Daily Archives: January 3, 2023

‘Dark day for democracy’; FFAW rejects Jason Sullivan’s candidacy for president

Bay Bulls fisherman Jason Sullivan calls the rejection of his nomination for president of the FFAW-Unifor by the union’s election committee a dark day for democracy. “Some of those South American countries must be drooling at the FFAW election process,” said Sullivan, who was notified by e-mail of the rejection earlier today, two days before the scheduled Jan. 5th vote. Two candidates are left in the race — including FFAW staff-rep Greg Pretty, the leading candidate who was endorsed by the union executive board on Dec. 1, the same day former President Keith Sullivan unexpectedly resigned — and Dave Callahan, a west coast fisherman. >click to continue reading< 21:48

Dungeness crab season closure has ‘cut off a key economic lifeline to small coastal fishing communities’

A group of Oregon Dungeness crab fishers comprising nearly 10% of the state’s permitted commercial fleet sent an open letter this morning to the Oregon Department of Fish and Wildlife strongly criticizing the Department’s failure to open the Dungeness crab season along approximately half of Oregon’s coast in areas where crab have exceeded meat quality thresholds for several weeks. As the delayed opening enters its second month, the fishers’ letter describes in detail how the Department’s refusal to open the season has cut off a key economic lifeline to small fishing communities up and down the Oregon coast. The letter also takes sharp aim at the Oregon Dungeness Crab Advisory Committee, which the fishers describe as an “echo chamber” made up of special interests including major processors that benefit from lower prices that predominate after the end of the peak-demand holiday season, at the expense of mom-and-pop businesses and Oregon consumers. >click to read< 17:24

The Bugaled Breizh, sunk in 2004, will leave the Brest arsenal to be dismantled

On January 15, 2023, it will be nineteen years since the trawler Bugaled Breizh of Loctudy (Finistère), sank in less than a minute off Cape Lizard (United Kingdom), a shipwreck that had resulted in the death of the five sailors on board. Since July 2004 and the refloating of the ship for the purposes of the investigation, the wreck is stored out of sight on the naval military base of Brest. Legal proceedings are extinguished on both sides of the Channel. In France, a dismissal order was issued and confirmed in 2016. In Great Britain, the justice concluded in 2021 to a fishing accident to explain the sinking. A thesis firmly refuted by relatives of the victims, who maintain that a submarine would be at the origin of this fatal shipwreck. photos, external links, >click to read< 15:46

Baffling find made on seafloor 100 miles off Maine, NOAA says. ‘What are the odds?’

Scientists often find oddities on the seafloor, but NOAA researchers were baffled when a camera dropped off Maine landed on top of a large propeller 100 miles from shore. No shipwreck, mind you. Just the propeller “lying among the rocks, sea stars, and sea anemones.” The mystifying discovery was made in the Gulf of Maine, as the fishing vessel Mary Elizabeth was participating in a NOAA Fisheries seafloor survey. The intact propeller was 3 feet across, which means the vessel was at least 50 to 60 feet long, he said. That’s the same length as the Mary Elizabeth, Captain Phil Lynch noted. photos, >click to read< 13:26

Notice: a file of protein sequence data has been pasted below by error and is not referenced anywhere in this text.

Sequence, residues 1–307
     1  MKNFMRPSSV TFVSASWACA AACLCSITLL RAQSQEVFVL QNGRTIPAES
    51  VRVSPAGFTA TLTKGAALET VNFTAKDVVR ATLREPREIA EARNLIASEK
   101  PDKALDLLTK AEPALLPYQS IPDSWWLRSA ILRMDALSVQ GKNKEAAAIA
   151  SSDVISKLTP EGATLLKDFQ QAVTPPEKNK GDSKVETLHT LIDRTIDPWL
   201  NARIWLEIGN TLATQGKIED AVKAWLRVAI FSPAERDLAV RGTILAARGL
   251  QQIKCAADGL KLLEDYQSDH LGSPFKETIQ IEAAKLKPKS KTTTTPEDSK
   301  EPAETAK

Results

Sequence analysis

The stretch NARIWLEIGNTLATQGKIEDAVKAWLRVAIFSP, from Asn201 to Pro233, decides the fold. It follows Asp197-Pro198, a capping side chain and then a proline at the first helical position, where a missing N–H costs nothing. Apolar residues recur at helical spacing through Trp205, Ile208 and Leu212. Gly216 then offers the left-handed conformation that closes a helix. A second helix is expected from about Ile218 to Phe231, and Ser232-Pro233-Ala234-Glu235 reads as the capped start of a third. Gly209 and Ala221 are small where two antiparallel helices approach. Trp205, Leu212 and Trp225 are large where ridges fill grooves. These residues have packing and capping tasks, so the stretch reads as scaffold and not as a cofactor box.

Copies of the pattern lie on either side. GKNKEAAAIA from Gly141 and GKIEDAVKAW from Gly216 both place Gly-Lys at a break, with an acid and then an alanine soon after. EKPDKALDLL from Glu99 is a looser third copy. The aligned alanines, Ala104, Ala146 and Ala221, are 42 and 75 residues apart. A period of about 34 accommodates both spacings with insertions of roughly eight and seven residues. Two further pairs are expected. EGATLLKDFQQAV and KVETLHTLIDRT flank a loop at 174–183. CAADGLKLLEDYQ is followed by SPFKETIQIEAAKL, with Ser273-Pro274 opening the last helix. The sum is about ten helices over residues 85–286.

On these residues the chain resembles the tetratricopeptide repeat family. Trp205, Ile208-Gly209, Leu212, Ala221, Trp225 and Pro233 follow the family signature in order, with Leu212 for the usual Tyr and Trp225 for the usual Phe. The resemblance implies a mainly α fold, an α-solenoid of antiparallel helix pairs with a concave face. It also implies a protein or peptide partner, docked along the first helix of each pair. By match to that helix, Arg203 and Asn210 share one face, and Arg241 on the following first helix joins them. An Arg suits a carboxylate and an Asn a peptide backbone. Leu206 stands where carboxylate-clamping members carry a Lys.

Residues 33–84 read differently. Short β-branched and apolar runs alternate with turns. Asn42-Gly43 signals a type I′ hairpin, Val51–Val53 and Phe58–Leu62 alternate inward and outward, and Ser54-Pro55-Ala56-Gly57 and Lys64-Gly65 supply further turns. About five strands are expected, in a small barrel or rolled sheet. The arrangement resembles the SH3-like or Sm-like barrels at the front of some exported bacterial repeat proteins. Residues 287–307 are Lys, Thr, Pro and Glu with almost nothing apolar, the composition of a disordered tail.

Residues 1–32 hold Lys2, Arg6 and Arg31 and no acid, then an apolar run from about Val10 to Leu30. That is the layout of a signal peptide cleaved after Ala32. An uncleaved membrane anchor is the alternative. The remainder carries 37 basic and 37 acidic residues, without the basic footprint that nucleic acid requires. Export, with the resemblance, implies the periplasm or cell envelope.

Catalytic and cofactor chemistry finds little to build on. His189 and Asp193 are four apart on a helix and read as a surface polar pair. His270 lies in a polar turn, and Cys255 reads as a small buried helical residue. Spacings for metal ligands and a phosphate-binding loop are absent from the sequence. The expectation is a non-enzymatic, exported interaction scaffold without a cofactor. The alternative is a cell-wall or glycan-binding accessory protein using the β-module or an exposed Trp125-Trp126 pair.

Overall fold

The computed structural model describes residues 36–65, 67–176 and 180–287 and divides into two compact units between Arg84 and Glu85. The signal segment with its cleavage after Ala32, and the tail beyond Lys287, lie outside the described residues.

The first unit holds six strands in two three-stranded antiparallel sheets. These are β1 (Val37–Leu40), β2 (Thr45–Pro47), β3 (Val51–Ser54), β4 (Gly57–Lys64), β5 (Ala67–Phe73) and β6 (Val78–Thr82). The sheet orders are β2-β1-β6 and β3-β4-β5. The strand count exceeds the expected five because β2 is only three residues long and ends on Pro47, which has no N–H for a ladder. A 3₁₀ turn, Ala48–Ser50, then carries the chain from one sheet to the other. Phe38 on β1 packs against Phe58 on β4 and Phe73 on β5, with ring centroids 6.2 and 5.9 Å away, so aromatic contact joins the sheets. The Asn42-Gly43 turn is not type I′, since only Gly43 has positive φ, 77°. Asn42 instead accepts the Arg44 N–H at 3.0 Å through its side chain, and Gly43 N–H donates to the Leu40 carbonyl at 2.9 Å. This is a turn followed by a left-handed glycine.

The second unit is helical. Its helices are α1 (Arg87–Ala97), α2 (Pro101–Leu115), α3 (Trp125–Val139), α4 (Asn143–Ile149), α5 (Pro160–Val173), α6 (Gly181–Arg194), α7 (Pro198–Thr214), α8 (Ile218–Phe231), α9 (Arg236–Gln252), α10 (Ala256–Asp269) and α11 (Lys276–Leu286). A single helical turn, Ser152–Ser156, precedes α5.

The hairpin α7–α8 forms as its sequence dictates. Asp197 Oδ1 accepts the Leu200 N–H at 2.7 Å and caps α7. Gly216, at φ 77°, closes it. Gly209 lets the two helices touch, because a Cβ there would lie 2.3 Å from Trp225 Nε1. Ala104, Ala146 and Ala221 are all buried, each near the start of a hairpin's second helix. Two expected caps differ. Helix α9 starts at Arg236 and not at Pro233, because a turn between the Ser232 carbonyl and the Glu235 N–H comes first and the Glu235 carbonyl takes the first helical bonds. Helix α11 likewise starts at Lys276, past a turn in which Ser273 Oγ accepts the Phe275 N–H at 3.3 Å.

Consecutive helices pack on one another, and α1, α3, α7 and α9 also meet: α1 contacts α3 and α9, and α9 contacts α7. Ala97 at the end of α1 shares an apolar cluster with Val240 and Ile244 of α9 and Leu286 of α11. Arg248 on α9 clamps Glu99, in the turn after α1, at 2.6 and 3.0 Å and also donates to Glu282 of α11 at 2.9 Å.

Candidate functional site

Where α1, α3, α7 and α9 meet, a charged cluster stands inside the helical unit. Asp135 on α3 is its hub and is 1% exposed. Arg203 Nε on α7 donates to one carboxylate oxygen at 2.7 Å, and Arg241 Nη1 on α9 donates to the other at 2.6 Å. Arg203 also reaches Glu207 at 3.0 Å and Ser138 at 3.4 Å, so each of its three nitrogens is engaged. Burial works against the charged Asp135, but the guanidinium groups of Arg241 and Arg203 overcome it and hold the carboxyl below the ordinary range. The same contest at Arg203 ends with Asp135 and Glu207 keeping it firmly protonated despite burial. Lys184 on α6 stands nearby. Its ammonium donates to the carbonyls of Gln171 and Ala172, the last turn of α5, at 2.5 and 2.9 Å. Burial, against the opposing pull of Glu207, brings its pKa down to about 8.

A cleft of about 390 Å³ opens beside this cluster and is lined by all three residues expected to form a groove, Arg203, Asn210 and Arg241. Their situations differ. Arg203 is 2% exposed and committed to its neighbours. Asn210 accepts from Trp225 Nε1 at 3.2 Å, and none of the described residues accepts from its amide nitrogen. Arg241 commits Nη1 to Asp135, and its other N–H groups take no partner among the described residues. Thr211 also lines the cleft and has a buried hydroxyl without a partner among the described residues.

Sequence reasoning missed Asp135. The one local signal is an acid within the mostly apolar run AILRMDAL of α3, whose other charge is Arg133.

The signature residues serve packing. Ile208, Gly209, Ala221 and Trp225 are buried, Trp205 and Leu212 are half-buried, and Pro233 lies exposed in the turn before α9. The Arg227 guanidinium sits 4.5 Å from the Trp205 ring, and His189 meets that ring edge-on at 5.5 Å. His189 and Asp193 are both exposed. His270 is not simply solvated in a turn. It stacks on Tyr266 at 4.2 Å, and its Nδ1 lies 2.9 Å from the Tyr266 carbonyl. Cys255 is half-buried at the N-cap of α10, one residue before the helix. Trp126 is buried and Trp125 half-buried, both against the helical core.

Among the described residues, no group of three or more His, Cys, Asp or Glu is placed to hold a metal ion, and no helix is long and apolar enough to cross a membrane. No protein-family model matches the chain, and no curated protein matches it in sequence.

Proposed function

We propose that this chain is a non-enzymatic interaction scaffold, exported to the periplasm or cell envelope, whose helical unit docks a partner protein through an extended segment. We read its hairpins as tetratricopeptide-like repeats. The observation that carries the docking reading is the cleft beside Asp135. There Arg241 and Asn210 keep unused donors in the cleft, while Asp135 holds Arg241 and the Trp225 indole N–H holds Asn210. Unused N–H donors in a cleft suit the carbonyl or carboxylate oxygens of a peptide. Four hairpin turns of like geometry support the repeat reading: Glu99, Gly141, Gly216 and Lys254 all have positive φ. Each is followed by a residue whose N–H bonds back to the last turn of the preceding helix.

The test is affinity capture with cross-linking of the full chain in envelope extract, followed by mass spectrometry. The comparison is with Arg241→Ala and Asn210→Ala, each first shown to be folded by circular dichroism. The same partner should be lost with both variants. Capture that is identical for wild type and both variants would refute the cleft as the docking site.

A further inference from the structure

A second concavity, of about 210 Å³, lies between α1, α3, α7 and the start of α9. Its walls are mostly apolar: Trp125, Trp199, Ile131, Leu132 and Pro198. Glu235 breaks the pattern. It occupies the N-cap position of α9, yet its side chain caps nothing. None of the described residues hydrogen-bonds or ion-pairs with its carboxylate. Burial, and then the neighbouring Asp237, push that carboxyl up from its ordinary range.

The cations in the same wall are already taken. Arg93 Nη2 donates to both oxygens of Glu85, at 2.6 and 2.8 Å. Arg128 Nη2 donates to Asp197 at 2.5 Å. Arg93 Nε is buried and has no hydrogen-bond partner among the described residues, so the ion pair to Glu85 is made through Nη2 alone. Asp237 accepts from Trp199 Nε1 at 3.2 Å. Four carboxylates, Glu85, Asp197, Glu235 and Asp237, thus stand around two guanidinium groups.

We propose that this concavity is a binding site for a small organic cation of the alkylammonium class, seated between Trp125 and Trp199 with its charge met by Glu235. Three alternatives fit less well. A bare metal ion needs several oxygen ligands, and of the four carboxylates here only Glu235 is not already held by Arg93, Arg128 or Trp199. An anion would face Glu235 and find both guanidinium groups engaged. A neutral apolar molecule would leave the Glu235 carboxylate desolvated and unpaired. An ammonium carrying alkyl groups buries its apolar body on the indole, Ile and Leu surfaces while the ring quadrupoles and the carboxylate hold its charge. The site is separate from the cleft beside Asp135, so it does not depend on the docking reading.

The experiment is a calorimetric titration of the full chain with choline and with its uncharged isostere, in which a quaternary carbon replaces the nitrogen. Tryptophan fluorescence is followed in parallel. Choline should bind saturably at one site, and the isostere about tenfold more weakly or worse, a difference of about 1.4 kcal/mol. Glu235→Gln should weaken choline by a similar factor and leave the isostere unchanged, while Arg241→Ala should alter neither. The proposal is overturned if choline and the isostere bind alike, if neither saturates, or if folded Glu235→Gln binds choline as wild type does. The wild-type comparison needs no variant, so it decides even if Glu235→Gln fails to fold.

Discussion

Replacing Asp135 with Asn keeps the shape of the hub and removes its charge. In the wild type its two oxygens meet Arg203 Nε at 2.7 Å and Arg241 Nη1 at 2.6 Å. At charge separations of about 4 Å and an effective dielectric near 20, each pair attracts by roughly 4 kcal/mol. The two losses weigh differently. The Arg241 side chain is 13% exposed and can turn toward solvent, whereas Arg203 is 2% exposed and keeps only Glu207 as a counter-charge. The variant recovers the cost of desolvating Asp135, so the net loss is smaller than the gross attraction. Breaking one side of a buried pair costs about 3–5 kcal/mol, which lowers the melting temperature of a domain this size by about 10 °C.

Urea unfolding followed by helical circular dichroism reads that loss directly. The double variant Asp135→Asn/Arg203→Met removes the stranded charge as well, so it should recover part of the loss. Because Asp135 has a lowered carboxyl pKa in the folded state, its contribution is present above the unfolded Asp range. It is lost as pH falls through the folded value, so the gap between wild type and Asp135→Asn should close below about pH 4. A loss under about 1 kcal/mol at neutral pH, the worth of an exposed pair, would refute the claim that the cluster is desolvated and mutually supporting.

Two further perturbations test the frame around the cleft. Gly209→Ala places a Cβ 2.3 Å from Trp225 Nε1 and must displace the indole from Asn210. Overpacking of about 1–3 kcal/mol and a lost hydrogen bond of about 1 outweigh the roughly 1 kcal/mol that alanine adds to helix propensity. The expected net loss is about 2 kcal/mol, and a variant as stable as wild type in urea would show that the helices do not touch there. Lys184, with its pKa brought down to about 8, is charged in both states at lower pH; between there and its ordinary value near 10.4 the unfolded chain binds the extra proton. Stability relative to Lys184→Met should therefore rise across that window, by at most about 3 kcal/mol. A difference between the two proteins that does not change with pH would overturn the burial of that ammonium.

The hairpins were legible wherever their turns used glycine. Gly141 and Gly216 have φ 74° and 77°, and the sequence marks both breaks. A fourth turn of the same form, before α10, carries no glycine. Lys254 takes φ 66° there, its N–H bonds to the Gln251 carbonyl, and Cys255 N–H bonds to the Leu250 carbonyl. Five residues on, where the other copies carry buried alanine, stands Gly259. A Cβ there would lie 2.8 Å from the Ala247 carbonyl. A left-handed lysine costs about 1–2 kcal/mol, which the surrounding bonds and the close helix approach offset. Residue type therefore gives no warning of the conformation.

Lessons learned: Personal flotation devices with personal locator beacons save lives

On a a bright, fresh autumn morning, a small trawler left harbour for a day’s fishing with a skipper and crewman on board. Once past the breakwater, the skipper handed over the watch to the crewman and went below to rest. The crewman was wearing light clothing and a personal flotation device (PFD) and carried a personal locator beacon (PLB). During the passage to the fishing grounds, with the vessel under autohelm steering, the crewman left the wheelhouse to prepare the fishing gear on deck. As he was leaning over the transom to rig the trawl wires, the crewman lost his balance and fell into the sea. >click to read< 11:27

Rocky: The Largest Lobster Ever Caught in Maine

There are approximately 75 species of lobsters, split into two types: clawed lobsters and spiny/rock lobsters. Typically, these sea animals have long bodies and muscular tails. It’s unlikely you will see one while swimming in shallow water since they inhabit deep burrows. They live in cold waters, have eight walking legs, and two large edible claws. Scientists believe lobsters live up to 50 years in the wild, but it’s hard to estimate their age. The largest lobster ever caught in Maine weighed an impressive 27 pounds! Although Rocky was an impressive catch, he wasn’t the largest lobster in the world. Instead, that title goes to a 44-pound 6-ounce lobster caught in Nova Scotia, Canada in 1977. >click to read< 09:55

Offshore wind farms threaten New Jersey’s shellfish industry. Should fishing communities be compensated?

Earlier this month, New Jersey announced it would join eight other states that are seeking a regional approach to compensate fishing communities for the impending losses. “Are we going to be allowed to fish inside of them (the wind turbine fields)?” asked Kirk O. Larson, a scallop fleet owner and mayor of Barnegat Light, New Jersey. “Why did (the federal Bureau of Ocean Energy Management) put a wind farm right inside of a scallop area, the most productive scallop area pretty much on the East Coast, not counting Georges Bank.” Shellfish harvesters like Larson are expected face serious financial damage from offshore wind development projects. “I’m not looking for compensation,” said the scallop fleet owner. “I’m looking for work, so I’m not really looking for welfare.” >click to read< 07:43

Markey, Moulton push for national fund to compensate fishermen for losses due to offshore wind >click to read<